Rob Wainwright, head of the European police agency Europol, said the investigation uncovered "match fixing activity on a scale we have not seen before."
He said it uncovered 8 million euros (£6.9 million) in betting profits and 2 million euros (£1.7 million) in bribes to players and officials and has already led to several prosecutions.
Wainwright said the involvement of organised crime "highlights a big problem for the integrity of football in Europe."
It was not clear how many of the matches have been revealed in previous match fixing investigations at a national level in countries including Germany and Italy.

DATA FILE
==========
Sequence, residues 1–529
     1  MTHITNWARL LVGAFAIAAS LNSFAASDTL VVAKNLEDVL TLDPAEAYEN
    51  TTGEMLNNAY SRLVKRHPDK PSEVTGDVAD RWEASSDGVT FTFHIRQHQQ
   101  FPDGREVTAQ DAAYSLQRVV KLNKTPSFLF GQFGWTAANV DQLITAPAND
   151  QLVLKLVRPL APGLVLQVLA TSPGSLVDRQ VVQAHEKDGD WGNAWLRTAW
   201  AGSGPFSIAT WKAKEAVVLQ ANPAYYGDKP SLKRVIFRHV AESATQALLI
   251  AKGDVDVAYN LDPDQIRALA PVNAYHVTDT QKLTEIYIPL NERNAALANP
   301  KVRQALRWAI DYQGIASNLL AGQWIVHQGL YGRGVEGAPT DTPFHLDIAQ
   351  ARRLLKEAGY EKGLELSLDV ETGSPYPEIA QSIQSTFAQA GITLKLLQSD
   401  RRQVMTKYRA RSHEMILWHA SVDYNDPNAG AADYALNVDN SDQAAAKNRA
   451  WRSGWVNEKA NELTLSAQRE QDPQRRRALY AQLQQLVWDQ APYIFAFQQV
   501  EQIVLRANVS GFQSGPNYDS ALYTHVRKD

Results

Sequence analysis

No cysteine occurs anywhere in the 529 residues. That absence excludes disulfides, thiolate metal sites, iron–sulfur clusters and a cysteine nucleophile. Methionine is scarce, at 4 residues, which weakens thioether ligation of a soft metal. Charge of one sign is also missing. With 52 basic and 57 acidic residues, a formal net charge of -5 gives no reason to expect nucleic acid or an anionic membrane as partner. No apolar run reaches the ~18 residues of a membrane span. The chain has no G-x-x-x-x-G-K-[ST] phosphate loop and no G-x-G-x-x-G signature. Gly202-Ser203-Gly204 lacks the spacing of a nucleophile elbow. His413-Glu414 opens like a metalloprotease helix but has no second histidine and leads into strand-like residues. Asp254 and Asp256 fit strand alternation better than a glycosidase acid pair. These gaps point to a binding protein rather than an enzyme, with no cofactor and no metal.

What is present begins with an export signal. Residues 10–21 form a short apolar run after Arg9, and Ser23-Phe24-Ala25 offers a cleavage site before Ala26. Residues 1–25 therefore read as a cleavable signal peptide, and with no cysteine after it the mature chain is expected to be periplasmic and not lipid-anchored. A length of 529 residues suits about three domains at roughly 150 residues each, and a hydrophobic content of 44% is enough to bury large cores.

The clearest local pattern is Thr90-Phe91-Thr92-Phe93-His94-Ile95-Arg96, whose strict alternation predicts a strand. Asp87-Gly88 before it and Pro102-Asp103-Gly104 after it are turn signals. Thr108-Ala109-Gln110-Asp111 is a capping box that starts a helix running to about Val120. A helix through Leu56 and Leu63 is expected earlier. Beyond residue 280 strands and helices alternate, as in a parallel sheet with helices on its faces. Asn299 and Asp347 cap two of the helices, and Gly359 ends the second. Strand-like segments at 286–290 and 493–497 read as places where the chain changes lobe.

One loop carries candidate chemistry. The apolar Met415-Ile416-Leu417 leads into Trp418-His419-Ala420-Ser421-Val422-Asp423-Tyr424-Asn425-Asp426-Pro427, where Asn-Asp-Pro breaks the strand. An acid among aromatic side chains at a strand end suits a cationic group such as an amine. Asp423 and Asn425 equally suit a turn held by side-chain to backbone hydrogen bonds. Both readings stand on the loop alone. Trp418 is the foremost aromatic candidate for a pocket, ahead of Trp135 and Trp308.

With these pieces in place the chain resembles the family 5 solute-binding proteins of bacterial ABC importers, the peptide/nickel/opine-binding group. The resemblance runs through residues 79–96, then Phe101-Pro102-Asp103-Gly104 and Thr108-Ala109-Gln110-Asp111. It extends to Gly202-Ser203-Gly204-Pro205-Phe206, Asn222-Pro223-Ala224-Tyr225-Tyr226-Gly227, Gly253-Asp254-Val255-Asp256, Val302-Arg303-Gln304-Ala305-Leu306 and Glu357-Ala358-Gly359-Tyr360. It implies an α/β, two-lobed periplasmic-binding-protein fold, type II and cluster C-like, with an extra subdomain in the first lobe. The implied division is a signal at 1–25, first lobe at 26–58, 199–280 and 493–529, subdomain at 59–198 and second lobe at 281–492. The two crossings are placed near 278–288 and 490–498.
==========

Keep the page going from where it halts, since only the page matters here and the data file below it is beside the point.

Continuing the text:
"This is a sad day for European football," Wainwright said.
He said a Singapore-based criminal network was involved in the match fixing, spending up to 100,000 euros (£86,000) per match to bribe players and officials.
Wainwright refused to identify any of the suspects, players or matches involved, citing ongoing investigations.
He said while many fixed matches were already known, the Europol investigation lifted the lid on the widespread involvement or organised crime in rigging games.
"This is the first time we have established substantial evidence that organised crime is now operating in the world of football," he said.